There are always schemes where, as a lawyer, you are pretty sure that these clients are unknown. And § 32d UrhG is almost certainly one of them:
In the case of the granting of a right of use against payment, the contracting party shall provide the author with information at least once a year on the extent of the use of the work and the income and benefits derived therefrom. The information is provided on the basis of the information that is usually available in the ordinary course of business. The information must be provided for the first time one year after the beginning of the use of the work and only for the period of use of the work.
- Which publisher of computer games has already thought of this regulation, but deliver – if at all – the accounts owed under a publishing contract?
- Which editorial website has this regulation on the “to-do” because you have reviews, news or similar written by freelance editors? And it doesn’t even have to be freelance editors, because even if it is still somewhat unclear whether this duty to provide information also applies to employees who grant exploitation rights to the employer under Section 43 UrhG, my personal tendency is rather that such information is owed.
- The same applies to publishers, of course, but also to YouTubers, video networks and the like – and to all those who have not merely made a subordinate contribution to a work, product or service. And even then, the author could still demonstrate with verifiable facts clear indications that he needs the information for a contractual adjustment (Section 32a (1) and (2) UrhG), For a contribution is rather subordinate only if it has little influence on the overall impression of a work or the nature of a product or service, for example, because it is not part of the typical content of a work, a product or a service, or if the use of the contractual partner is disproportionate for other reasons, in particular if the effort for the information would be disproportionate to the income from the use of the work.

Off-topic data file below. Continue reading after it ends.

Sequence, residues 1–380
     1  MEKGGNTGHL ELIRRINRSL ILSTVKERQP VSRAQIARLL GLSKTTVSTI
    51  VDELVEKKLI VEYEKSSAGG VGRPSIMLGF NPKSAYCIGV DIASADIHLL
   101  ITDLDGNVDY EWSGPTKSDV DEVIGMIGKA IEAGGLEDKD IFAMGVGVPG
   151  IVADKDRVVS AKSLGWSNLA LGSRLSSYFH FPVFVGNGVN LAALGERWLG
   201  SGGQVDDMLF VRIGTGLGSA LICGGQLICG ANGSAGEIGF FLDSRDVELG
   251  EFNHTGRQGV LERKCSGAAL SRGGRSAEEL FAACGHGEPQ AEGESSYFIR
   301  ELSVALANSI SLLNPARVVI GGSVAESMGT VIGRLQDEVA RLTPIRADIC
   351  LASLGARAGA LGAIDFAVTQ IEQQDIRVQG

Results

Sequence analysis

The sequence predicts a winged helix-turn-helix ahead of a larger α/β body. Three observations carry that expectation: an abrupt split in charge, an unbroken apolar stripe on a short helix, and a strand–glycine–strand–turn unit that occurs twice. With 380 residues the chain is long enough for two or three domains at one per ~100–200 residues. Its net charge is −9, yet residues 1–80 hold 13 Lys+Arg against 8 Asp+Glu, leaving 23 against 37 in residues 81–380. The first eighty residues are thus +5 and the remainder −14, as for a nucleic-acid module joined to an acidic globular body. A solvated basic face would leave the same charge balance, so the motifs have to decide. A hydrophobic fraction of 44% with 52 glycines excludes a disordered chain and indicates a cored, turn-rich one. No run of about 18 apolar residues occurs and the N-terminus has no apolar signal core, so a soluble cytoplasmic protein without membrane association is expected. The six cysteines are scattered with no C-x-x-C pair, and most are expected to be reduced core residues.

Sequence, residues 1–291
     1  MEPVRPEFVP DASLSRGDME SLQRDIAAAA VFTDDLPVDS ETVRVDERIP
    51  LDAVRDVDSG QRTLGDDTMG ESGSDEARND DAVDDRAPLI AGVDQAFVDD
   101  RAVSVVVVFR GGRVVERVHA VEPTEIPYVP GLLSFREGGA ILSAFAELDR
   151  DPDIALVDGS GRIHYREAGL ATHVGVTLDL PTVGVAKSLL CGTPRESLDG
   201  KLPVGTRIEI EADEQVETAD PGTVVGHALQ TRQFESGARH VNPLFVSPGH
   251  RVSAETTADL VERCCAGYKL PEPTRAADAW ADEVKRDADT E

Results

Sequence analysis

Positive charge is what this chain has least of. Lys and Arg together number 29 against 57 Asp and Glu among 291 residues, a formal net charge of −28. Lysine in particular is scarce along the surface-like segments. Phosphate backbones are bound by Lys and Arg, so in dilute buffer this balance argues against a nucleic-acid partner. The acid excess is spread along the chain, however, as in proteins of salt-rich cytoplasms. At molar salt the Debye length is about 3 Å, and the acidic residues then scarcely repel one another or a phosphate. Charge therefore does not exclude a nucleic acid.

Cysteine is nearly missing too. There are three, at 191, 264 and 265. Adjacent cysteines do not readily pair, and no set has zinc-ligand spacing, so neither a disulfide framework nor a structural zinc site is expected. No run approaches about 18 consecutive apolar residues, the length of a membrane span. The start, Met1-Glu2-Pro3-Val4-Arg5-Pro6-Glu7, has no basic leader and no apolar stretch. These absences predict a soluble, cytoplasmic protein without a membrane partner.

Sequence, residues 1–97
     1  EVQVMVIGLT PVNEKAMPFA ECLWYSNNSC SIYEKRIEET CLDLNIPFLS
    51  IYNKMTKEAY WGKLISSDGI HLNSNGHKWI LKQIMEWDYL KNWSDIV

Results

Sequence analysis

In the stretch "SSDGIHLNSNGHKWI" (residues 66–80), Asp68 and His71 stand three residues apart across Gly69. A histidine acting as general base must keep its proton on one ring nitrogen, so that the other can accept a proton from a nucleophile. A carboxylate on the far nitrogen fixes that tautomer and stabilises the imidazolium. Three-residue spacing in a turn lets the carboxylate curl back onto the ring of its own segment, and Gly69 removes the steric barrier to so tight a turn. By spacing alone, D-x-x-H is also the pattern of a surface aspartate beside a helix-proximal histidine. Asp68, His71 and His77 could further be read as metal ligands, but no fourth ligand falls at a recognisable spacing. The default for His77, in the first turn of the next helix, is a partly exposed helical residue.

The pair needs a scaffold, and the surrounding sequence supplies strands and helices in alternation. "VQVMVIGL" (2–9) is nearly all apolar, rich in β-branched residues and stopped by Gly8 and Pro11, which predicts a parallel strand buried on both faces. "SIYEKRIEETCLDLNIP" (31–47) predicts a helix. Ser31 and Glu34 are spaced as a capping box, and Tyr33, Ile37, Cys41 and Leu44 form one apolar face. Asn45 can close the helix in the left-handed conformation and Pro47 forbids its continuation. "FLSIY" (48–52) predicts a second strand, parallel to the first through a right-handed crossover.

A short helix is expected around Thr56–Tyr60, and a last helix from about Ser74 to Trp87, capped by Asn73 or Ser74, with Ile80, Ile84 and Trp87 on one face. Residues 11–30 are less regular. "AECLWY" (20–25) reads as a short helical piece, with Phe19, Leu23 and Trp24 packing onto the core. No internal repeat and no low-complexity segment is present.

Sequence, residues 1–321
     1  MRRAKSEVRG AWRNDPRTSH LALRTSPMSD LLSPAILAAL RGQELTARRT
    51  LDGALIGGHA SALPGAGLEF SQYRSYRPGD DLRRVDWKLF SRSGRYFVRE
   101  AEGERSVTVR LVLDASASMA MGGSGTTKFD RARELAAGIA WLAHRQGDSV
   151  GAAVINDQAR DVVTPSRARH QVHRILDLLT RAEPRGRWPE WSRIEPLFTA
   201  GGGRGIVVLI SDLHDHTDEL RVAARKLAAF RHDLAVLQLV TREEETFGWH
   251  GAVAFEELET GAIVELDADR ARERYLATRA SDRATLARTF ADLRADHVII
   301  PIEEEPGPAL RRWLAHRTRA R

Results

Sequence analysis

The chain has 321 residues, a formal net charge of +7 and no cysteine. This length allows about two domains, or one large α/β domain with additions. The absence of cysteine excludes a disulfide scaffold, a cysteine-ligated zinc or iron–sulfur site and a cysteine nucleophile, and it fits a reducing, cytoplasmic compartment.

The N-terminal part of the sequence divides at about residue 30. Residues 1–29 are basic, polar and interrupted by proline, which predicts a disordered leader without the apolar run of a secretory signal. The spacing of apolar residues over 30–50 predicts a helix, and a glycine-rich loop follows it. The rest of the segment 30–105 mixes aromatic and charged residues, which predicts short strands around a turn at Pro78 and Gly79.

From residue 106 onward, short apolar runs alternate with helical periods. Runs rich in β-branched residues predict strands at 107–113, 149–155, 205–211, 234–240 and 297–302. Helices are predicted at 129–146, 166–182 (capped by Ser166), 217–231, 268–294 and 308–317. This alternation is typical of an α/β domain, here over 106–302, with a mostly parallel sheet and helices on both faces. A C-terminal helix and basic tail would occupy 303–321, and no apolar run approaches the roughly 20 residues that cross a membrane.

- Of course, the same applies to agencies/companies that “employ” freelancers and license their products to game developers or other companies. Actually, this is even the prototype for an “information of sublicensees”!
Article 19 of Directive 2019/790 now requires that authors “receive up-to-date, relevant and comprehensive information on the exploitation of their works and performances, in particular on the nature of the exploitation, all revenues generated by and claims due from those to whom they have granted licensing rights or to whom they have transferred rights, as well as from their successors in title.” Therefore, author has also a right to information under § 32d para. 1a) UrhG on the names and addresses of any sublicensees. However, this is a claim that must first be asserted.
Section 32e UrhG grants the author, in both the old and the new version, a right to information also against third parties in license chains. This also covers companies involved in the exploitation of the work. What is new, however, is that this claim is subsidiary to the claim against the direct contractual partner – the contact person is therefore initially the author’s own contractual partner, even in the case of exploitation in the license chain.
However:In contrast to the previous regulation before the amendment, authors no longer have the right to information; instead, users are obliged to provide information at least once a year about the extent of use of the work and the income and benefits derived from it. The information must be provided for the first time one year after the beginning of the use of the work and only for the period of use of the work. This means that anyone who uses works must not only enable and perform clean documentation of the use, but should also remember to actually provide the information. Otherwise, there is a threat of warnings and other costs in the future. For companies that outsource a lot of work to freelancers, even major adjustments to the corresponding contracts might be necessary!